Investigators believe they have found parts of Amelia Earhart's airplane
Plane parts found off the waters of Nikumaroro Island
America's First Lady of the Skies disappeared in a flight over the
Pacific Ocean 75 years ago - and the search for her ultimate fate has
been ongoing ever since. Now, investigators believe they've found parts
of Earhart's plane off the waters of Nikumaroro Island.
The International Group for Historic Aircraft Recovery, or TIGHAR, the search started on July 12 and relied on a torpedo-shaped Autonomous Underwater Vehicle, or AUV and a Remote Operated Vehicle or ROV.
While troubled, the hunt did not result in the immediate identification of pieces from Earhart's Lockheed Electra aircraft. "Early media reports rushed to judgment in saying that the expedition didn't find anything," Ric Gillespie, executive director of TIGHAR says.
"We had, of course, hoped to see large pieces of aircraft wreckage but as soon as we saw the severe underwater environment at Nikumaroro we knew that we would be looking for debris from an airplane that had been torn to pieces 75 years ago, Gillespie said.
Researchers begun reviewing and analyzing all of new material recovered from the site.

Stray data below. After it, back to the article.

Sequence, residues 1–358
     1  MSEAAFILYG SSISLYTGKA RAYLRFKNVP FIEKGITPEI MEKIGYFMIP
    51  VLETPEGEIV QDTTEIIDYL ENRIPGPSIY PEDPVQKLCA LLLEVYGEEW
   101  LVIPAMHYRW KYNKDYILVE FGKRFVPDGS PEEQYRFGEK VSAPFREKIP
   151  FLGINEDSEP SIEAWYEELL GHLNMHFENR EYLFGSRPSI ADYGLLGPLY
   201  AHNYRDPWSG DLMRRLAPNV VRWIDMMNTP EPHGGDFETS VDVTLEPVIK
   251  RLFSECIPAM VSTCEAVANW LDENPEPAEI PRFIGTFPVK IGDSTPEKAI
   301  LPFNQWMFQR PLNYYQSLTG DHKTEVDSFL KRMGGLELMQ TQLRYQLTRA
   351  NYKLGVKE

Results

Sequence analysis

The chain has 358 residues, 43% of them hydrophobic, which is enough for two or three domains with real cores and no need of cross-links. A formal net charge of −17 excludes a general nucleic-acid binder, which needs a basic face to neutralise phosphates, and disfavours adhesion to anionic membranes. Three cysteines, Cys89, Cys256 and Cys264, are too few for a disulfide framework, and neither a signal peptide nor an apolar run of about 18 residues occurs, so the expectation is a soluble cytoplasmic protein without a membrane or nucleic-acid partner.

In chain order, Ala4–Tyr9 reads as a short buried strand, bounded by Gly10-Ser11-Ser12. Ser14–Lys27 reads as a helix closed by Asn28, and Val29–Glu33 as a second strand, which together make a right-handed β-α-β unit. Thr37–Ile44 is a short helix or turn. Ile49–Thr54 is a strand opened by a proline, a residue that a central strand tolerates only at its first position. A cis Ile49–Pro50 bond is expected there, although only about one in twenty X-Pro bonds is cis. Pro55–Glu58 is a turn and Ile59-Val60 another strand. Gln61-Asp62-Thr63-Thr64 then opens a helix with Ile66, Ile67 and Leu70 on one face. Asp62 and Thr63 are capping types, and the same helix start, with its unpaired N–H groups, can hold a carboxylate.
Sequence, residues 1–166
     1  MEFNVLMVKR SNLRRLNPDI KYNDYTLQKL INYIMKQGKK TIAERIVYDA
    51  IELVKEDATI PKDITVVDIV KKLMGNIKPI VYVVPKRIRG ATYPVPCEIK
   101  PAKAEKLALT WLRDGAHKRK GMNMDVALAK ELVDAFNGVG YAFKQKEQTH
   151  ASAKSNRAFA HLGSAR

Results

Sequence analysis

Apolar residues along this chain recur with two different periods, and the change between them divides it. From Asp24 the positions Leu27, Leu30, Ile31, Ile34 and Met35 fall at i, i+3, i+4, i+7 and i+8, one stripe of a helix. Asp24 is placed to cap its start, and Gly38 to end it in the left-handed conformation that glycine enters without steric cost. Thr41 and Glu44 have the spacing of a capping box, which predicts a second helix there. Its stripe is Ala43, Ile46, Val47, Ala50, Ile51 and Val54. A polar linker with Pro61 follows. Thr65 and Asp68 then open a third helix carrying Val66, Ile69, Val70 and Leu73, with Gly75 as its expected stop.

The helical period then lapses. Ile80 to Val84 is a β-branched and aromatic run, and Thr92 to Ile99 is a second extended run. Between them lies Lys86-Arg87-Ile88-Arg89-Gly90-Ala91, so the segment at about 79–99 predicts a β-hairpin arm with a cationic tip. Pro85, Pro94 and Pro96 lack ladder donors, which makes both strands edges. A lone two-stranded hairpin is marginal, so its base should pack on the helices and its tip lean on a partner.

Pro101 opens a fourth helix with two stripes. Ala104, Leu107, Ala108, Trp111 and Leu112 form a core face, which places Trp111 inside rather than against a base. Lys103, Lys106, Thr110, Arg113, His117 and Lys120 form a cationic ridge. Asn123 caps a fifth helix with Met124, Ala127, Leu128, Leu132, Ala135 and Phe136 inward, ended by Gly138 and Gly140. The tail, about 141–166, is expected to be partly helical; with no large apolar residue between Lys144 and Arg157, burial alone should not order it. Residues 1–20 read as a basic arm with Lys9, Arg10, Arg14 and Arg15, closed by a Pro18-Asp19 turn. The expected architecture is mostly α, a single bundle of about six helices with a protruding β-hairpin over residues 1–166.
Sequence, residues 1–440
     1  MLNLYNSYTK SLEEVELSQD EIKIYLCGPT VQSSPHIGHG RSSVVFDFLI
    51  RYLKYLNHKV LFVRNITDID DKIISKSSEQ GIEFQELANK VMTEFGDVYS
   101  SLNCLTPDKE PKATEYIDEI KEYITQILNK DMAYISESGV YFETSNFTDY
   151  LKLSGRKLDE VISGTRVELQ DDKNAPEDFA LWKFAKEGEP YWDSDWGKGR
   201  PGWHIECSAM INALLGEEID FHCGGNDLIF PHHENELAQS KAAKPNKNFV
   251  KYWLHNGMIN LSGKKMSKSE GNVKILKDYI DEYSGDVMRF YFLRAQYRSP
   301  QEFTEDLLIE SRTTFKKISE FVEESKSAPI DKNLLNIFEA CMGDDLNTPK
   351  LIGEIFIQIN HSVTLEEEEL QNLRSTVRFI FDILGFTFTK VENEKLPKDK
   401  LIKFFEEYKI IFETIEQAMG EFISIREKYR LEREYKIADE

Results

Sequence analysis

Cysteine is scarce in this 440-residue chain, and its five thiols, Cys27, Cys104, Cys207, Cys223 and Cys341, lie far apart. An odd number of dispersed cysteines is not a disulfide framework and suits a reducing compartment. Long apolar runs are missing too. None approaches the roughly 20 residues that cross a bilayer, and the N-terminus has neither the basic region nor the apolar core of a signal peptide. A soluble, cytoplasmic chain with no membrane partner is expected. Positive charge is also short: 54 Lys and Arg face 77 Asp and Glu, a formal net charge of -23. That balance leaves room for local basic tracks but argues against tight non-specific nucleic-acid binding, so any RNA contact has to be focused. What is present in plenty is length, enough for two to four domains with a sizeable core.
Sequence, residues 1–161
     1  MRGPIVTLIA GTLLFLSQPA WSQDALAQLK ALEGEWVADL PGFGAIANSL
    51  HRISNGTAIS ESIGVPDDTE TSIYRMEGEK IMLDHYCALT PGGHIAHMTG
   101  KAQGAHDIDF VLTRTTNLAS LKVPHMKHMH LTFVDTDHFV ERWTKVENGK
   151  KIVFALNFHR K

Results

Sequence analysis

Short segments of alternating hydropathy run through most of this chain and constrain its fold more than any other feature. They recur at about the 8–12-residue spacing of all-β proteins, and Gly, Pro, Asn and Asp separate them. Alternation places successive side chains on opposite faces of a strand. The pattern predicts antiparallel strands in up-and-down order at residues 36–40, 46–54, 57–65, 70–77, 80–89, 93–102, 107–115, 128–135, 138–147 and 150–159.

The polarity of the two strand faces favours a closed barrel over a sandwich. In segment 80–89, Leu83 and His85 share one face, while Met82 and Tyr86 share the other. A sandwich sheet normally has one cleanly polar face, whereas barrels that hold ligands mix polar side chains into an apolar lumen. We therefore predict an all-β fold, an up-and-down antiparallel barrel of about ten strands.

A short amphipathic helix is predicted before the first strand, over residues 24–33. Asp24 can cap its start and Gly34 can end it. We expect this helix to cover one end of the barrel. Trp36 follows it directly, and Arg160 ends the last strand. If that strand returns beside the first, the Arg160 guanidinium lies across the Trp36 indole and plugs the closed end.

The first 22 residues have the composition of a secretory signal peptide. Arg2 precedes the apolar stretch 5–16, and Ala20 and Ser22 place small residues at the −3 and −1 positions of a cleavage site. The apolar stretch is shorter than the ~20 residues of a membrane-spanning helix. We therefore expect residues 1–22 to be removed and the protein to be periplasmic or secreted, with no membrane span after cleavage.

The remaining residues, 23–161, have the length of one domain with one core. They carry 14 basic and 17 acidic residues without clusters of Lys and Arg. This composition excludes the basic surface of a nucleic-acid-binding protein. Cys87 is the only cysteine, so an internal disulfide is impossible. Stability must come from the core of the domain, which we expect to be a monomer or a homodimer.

"I have thus far made a cursory review of less than 30 percent of the expedition's video and have identified what appears to be an interesting debris field," TIGHAR forensic imaging specialist Jeff Glickman told Discovery News.
Several of the items found appear consistent with the interpretation made by Glickmann of a grainy photograph of Nikumaroro's western shoreline.
As photographed by British Colonial Service officer Eric R. Bevington in October 1937, just three months after Amelia's disappearance on July 2, 1937, the photo revealed an apparent man-made protruding object on the left side of the frame.
Imaging analyses of the picture found the object consistent with the shape and dimension of the upside-down landing gear of Earhart's plane.
"The Bevington photo shows what appear to be four components of the plane: a strut, a wheel, a worm gear and a fender. In the debris field there appears to be the fender, possibly the wheel and possibly some portions of the strut," Glickman said.
Recovering the objects is the next goal of the mission.
"If further analysis continues to support the hypothesis that we have found the object that appears in the 1937 Bevington Photo, we'll certainly want to recover it," Gillespie said.
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